• Patient/caregiver environment (i.e. optimising the environment, including the assessment space, availability of support persons, technology and security).
    • Patient/caregiver factors (i.e. considering patient/caregiver factors, such as preference/ability to engage with VMHC and whether VMHC is appropriate for the purpose/goals of care).
    • Provider environment (i.e. ensuring that the providers environment is private and appropriate, including with regards to the workspace, technology and security).
    • Provider factors (e.g. adequate training/skills in VMHC, being open to VMHC).
    • Safety planning (i.e. ensuring safety protocols are in place to address potential patient risks, such child maltreatment, aggression or suicidal risk).
    • Legal/regulatory (i.e. ensuring that legal and professional standards are upheld in relation to the unique context of VMHC, such as consent, privacy and confidentiality).
  • Potential advantages of VMHC include reduced time, reduced costs, increased staff efficiency, greater convenience, and an ability to reach families in a variety of settings.
  • Potential disadvantages of VMHC include various issues related equity and access. For example, VMHC might not be possible for some families due to housing instability, living in an environment that is unsafe, or not having access to internet/technology.

Read the free full-text

Benefits of healthy lifestyle behaviours for the wellbeing of Australian children

Healthy lifestyle behaviours are associated with children’s psychological health: A cross-sectional study (Australia)

Authors: Thomas, M., Gugusheff, J., Baldwin, H., Gale, J., Boylan, S., & Mihrshahi, S.

Journal: International Journal of Environmental Research and Public Health


  • This study used data from the New South Wales Child Population Health Survey (2013-2014) to explore the relationship between healthy lifestyle behaviours and children’s psychological wellbeing.
  • 2,665 parents of children aged 5 to 15 years old were asked about their children’s diet, physical activity and screen-time Psychological outcomes were measured using the Strengths and Difficulties Questionnaire (SDQ).
  • Healthy lifestyle behaviours were based on the Australian Dietary Guidelines (for diet) and Australia’s Physical Activity and Sedentary Behaviour Guidelines (for physical activity and screen-time).
  • Key findings included:
    • Engaging in recommended levels of screen-time was associated with better psychological health and a reduced risk of mental health problems.
    • Excessive screen-time was most strongly associated with poor mental health for children and adolescents (compared to other healthy lifestyle behaviours in the study).
    • Children who ate the recommended intake of fruit and vegetables had significantly better psychological health.
  • Overall, children who engaged in healthy lifestyle behaviours (e.g. appropriate levels of screen-time, healthy diets) were more likely to have better psychological wellbeing. This highlights the need for policies and programs that target improvements in children’s diets and appropriate levels of screen-time.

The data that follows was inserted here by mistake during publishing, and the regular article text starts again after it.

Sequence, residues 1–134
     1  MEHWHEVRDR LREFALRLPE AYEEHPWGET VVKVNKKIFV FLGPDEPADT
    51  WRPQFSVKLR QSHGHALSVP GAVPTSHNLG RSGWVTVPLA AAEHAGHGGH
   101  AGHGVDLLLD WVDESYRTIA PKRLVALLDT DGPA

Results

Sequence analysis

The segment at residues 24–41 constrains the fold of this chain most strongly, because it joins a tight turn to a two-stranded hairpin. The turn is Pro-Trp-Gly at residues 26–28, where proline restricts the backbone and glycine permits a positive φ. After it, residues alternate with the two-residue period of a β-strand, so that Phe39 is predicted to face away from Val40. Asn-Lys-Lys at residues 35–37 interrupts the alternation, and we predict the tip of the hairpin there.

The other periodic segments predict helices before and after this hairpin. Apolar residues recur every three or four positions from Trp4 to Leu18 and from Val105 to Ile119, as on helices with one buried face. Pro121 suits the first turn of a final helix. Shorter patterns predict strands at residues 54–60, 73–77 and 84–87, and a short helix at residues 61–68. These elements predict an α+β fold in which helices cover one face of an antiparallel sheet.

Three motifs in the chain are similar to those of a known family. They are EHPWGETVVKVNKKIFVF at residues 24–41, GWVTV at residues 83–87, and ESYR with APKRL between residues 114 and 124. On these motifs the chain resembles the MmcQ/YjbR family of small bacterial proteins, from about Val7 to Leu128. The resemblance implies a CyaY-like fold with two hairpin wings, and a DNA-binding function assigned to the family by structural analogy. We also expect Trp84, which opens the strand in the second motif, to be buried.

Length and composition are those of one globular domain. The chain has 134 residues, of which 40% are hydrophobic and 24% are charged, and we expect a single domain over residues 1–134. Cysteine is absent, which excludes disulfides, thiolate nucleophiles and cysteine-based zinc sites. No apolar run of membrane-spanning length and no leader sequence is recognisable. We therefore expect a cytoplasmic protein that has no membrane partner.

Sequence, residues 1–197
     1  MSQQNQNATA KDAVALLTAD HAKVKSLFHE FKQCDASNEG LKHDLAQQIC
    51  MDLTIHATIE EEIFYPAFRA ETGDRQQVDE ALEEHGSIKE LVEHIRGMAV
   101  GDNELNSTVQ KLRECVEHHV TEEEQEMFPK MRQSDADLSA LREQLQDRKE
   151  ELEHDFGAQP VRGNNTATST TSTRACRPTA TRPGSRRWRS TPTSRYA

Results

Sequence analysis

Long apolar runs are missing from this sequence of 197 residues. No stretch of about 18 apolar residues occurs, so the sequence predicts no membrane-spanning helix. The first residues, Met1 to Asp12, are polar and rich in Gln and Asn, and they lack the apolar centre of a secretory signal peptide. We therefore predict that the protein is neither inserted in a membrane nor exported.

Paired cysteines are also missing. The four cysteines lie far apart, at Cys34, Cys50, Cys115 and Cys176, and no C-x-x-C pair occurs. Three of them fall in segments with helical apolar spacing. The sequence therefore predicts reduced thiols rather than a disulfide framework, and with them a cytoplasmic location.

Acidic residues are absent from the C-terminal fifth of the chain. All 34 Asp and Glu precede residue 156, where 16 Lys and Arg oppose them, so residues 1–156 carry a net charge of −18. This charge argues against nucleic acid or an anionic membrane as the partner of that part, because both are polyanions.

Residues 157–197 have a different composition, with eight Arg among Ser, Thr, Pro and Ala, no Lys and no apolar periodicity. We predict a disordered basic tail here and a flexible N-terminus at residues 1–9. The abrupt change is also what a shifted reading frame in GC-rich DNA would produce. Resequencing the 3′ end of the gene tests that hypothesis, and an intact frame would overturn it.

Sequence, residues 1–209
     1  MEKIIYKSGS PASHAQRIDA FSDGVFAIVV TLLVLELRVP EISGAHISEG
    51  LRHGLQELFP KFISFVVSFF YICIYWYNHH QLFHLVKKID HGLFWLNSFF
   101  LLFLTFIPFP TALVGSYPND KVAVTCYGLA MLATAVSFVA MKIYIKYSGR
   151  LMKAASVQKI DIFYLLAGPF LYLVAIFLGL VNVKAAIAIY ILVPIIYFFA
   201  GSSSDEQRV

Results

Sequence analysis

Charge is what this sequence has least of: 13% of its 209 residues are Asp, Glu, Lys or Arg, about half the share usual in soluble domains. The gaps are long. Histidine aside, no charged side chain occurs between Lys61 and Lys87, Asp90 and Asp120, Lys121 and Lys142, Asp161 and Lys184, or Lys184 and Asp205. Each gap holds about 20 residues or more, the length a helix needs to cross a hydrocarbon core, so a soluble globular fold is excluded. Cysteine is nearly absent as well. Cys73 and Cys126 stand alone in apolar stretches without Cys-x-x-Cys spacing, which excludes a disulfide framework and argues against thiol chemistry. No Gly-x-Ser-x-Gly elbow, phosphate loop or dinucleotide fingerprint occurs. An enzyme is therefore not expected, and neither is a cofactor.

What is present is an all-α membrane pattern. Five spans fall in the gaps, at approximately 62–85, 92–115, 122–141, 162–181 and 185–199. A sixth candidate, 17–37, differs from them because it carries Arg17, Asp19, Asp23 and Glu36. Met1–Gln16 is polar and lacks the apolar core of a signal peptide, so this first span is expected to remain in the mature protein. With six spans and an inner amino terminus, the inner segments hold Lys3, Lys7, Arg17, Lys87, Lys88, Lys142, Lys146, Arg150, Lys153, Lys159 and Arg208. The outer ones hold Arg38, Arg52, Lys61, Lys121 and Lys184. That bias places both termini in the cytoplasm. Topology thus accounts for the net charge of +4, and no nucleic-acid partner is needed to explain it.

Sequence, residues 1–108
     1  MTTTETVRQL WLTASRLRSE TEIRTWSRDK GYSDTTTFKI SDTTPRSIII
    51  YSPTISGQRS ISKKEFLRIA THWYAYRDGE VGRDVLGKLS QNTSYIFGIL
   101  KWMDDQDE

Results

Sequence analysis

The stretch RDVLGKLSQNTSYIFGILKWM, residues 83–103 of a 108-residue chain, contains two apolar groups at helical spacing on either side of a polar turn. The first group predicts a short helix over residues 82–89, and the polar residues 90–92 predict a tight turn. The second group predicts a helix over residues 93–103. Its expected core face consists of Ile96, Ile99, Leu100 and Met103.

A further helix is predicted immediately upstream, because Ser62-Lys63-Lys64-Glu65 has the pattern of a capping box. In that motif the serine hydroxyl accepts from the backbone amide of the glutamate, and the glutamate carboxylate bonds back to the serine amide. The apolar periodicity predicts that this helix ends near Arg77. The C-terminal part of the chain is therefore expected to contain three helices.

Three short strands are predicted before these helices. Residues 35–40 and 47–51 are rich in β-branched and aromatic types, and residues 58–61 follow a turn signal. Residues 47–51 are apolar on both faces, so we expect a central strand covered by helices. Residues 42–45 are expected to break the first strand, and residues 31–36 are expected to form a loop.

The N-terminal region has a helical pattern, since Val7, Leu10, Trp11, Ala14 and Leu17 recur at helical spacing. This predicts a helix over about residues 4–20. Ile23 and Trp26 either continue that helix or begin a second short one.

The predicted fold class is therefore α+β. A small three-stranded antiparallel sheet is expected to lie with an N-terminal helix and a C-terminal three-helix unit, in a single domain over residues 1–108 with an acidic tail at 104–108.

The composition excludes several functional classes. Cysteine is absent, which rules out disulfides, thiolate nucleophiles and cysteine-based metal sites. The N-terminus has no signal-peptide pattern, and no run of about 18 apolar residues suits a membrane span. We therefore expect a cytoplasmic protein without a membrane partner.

• Through encouraging and supporting families to strive for healthy lifestyle behaviours, practitioners and services providers can promote the mental health and wellbeing of Australian children.

Read the free full-text

Latest evidence on the treatment of anxiety in children

Clinical practice guideline for the assessment and treatment of children and adolescents with anxiety disorders (USA)

Authors: Walter, H., Bukstein, O., Abright, R., Keable, H., Ramtekkar, U., Ripperger-Suhler, J., & Rockhill, C.

Journal: Journal of the American Academy of Child & Adolescent Psychiatry


  • The American Academy of Child and Adolescent Psychiatry has produced a new clinical practice guideline (CPG) for assessing and treating children with anxiety disorders, highlighting the current state of evidence.
  • This guideline is based on a recent systematic review by the Mayo Clinic Evidence-based Practice Center with the Agency for Healthcare Research and Quality. It provides practitioners with evidence-based guidance on early intervention, diagnosis and treatment of children and young people presenting with symptoms of anxiety.
  • The guideline describes diagnostic assessment of anxiety as an essential element of treating anxiety. It provides clinical guidance (including recommended screening instruments and interview schedules) regarding:
    • Identification
    • Mental status examination
    • Psychiatric comorbidities
    • Medical comorbidities
    • Clinical formulation
    • Differential diagnosis
    • Safety and treatment planning.
  • Treatment statements based on evidence and best practice are also provided, including regarding the use of various medications. Treatment statements were only developed when there was sufficient evidence to support a recommendation.
  • Lastly, the guidelines emphasise the importance of accurate assessment and diagnosis of anxiety disorders to achieve effective treatment.